Is 35:1-6,10; James 5:7-10; Matt 11: 2-11
“Rejoice with joyful song.” We hear the word “joy” five times in the first reading today, Gaudete Sunday. Rejoice Sunday. What’s there to be joyful about? Last week Deacon Brian spoke of the pressures of modern life, that woman with all those woes. Remember her? No denying this. I remember talking to a man who sounded discouraged. I asked him if he experienced God’s delight in him. He said no. No? No! So, I asked him to pray for this grace. Notice, it’s a dialogue. So, I directed him to ask to feel God’s joy in him, God’s love, to feel hope in his heart, to know that God is near. That is, to know hope in the midst of woe, adversity, setbacks, disappointments. God knows, we all have problems. Everyone.
It is God also who is making the blind see, the mute sing, the lame leap and the feeble firm. Only the Messiah can do this – literally and spiritually. John the Baptist, discouraged himself, stuck in prison, needed a reason to hope. Jesus’ answer lifted his heart. If John the Baptist, so much more you and me. This felt presence of God makes ALL the difference. It overflows to others. Our Giving Tree in the narthex is an expression of all the outreach we do, both locally and for the Diocesan Annual Appeal.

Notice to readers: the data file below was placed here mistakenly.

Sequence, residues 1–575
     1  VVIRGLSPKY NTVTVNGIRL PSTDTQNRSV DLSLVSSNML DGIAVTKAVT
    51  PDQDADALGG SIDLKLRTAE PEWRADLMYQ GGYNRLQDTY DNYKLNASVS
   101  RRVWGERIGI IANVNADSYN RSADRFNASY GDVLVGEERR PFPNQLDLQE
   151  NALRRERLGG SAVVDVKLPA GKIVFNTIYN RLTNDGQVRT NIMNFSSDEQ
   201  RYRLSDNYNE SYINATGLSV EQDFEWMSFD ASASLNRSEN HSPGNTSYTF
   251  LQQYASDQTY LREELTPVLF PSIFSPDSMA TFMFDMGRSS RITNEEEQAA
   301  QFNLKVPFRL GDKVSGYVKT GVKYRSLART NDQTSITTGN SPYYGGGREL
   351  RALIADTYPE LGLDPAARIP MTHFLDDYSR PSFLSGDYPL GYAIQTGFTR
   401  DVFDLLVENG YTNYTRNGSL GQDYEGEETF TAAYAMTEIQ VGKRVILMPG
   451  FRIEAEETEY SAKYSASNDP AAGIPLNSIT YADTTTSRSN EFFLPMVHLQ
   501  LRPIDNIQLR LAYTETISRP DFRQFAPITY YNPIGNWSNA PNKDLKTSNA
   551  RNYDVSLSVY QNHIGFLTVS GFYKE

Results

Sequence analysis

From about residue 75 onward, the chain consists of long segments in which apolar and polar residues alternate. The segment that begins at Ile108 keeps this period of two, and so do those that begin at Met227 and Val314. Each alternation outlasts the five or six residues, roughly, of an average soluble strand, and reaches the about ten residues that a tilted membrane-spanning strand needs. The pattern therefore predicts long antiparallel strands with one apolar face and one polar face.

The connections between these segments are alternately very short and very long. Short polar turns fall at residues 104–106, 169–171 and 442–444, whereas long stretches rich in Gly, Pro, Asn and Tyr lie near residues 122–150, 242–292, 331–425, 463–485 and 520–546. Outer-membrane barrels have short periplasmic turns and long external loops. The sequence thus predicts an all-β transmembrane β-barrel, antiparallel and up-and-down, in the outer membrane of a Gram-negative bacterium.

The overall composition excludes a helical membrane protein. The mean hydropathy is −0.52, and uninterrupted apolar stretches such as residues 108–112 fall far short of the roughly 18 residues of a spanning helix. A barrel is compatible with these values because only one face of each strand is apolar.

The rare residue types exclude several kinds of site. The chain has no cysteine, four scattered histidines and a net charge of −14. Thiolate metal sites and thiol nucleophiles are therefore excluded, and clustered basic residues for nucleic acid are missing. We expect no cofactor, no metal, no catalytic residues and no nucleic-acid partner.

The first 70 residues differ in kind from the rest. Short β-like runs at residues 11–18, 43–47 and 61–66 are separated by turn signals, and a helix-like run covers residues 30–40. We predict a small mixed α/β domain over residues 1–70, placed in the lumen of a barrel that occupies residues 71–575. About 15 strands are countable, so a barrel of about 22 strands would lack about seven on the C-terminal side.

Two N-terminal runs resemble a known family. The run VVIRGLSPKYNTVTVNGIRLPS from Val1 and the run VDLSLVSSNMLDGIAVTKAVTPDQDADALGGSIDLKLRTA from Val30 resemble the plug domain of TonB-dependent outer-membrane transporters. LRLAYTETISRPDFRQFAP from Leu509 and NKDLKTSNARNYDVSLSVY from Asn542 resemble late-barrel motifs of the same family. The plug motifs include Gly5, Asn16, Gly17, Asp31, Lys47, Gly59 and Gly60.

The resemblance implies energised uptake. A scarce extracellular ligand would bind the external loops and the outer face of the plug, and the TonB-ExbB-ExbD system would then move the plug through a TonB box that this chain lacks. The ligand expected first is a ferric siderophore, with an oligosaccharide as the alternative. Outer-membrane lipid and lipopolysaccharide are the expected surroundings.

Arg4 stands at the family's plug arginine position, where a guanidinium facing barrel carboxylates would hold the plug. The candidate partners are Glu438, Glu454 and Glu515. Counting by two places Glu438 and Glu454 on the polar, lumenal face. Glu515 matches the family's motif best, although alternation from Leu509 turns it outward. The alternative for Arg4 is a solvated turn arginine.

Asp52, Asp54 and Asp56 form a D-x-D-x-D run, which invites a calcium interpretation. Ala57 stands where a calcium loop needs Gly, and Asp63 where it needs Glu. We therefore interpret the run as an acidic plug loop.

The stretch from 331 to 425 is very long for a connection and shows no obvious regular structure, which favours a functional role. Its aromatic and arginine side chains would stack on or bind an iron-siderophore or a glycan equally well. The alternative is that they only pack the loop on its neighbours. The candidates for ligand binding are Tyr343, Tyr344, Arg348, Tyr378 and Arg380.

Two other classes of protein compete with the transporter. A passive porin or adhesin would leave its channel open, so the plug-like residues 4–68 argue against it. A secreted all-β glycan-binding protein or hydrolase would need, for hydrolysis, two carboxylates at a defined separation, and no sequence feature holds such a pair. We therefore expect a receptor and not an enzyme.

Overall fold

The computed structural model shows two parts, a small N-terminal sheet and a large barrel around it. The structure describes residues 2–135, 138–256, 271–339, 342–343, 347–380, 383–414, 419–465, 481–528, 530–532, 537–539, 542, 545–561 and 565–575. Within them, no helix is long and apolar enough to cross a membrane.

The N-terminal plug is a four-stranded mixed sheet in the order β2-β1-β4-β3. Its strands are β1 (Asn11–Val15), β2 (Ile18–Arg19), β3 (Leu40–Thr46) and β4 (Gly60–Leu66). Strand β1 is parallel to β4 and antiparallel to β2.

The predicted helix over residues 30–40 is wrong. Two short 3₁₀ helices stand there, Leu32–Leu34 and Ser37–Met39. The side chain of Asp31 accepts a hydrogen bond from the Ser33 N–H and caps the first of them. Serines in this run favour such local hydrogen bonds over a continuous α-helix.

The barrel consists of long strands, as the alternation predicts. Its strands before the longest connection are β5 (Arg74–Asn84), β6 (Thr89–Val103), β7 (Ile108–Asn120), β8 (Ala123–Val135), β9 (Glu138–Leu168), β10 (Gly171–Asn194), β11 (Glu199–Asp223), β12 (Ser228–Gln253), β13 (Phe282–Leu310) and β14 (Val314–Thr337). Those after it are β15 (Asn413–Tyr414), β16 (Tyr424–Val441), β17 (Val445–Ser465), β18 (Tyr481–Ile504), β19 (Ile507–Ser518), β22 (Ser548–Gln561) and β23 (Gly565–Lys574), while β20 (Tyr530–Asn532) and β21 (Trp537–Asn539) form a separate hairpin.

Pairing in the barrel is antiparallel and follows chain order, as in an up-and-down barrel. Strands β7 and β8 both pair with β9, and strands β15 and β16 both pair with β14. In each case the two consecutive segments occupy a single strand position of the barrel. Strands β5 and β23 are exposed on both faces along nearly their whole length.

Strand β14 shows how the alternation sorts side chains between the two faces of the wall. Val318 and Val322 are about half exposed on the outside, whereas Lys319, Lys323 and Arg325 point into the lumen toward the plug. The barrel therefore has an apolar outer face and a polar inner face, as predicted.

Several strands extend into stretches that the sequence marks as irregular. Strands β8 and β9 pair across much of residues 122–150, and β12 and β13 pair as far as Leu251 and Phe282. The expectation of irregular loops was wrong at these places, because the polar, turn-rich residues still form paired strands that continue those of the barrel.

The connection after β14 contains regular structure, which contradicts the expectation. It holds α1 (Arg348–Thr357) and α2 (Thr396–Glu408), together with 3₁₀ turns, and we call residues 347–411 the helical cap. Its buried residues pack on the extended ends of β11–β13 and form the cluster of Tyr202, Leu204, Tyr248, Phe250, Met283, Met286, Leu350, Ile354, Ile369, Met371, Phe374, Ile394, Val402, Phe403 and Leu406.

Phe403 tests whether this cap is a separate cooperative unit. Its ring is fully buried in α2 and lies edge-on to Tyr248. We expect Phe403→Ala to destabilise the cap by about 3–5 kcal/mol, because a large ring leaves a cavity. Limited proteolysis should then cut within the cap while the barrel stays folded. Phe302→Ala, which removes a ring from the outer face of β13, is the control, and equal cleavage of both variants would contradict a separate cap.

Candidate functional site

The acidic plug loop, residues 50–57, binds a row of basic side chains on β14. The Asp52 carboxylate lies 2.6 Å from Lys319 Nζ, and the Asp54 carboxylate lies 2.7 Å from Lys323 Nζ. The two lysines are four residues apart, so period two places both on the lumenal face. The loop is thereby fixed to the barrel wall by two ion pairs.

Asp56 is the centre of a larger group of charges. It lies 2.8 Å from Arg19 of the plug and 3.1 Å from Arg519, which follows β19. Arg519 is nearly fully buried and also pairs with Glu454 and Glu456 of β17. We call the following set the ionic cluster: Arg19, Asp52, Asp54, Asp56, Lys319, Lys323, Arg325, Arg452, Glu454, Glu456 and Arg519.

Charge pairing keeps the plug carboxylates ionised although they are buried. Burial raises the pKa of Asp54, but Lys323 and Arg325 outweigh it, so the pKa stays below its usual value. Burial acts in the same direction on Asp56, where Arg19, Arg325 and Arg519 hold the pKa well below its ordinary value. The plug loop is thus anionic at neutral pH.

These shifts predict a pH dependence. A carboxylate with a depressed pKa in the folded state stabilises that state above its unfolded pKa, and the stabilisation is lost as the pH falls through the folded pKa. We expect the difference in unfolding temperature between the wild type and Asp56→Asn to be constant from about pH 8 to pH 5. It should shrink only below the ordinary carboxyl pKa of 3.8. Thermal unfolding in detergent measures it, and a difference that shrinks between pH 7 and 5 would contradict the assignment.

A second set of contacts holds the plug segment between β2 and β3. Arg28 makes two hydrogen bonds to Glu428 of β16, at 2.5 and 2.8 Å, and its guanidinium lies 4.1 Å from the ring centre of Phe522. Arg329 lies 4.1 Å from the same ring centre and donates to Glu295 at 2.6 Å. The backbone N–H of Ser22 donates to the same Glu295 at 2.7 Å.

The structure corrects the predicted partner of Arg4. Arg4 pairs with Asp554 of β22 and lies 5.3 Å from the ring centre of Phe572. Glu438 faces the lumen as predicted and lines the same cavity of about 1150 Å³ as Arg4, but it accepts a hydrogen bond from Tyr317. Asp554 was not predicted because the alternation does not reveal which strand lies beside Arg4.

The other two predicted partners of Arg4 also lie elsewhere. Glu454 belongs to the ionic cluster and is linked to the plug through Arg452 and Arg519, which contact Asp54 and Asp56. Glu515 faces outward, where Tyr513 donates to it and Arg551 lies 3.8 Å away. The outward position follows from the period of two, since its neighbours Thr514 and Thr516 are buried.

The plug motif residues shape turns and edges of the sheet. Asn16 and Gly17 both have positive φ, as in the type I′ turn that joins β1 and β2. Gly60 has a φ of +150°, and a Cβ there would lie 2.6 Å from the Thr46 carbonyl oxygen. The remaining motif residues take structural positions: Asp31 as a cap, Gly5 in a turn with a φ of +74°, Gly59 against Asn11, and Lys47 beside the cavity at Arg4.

What do you want from God for Christmas? Ask for it. Why not ask to know God’s love for you, ask for an increase of hope. That’s what the rose vestments say. Hope. Light amid darkness, doubt, discouragement, despair – all those D words. Last week we heard that Jesse’s stem shall blossom. Where do you want your life to bloom with God’s blessing? If you feel your soul is a desert, ask God to make it bloom. If you don’t know where you need it, then ask to know what to ask for. Advent is a time of self-examination. Where do you need to feel a burden lifted so the Christmas lights blazing around us reflect the new light of life inside you? That is, where do you need to be made new so you can experience God’s joy in you? That is the meaning of this rejoice Sunday. This is the joy of Christmas, fast approaching.
Christmas is the revelation of God, the manifestation, the epiphany, the showing of God’s Son who is the savior of God’s people, the Messiah. “O, come Divine Messiah. The world in darkness waits your day./ When hope shall sing its triumph and sadness flee away.” We remain waiting. What do you want for Christmas? Ask for yourself. Your gift will overflow to others. That’s what the Eucharist is. That’s what the Eucharist does. That’s why we are greater than John the Baptist. He never experienced the Risen Lord in the Eucharist. We do. Ask to feel it. And rejoice! The Lord is near.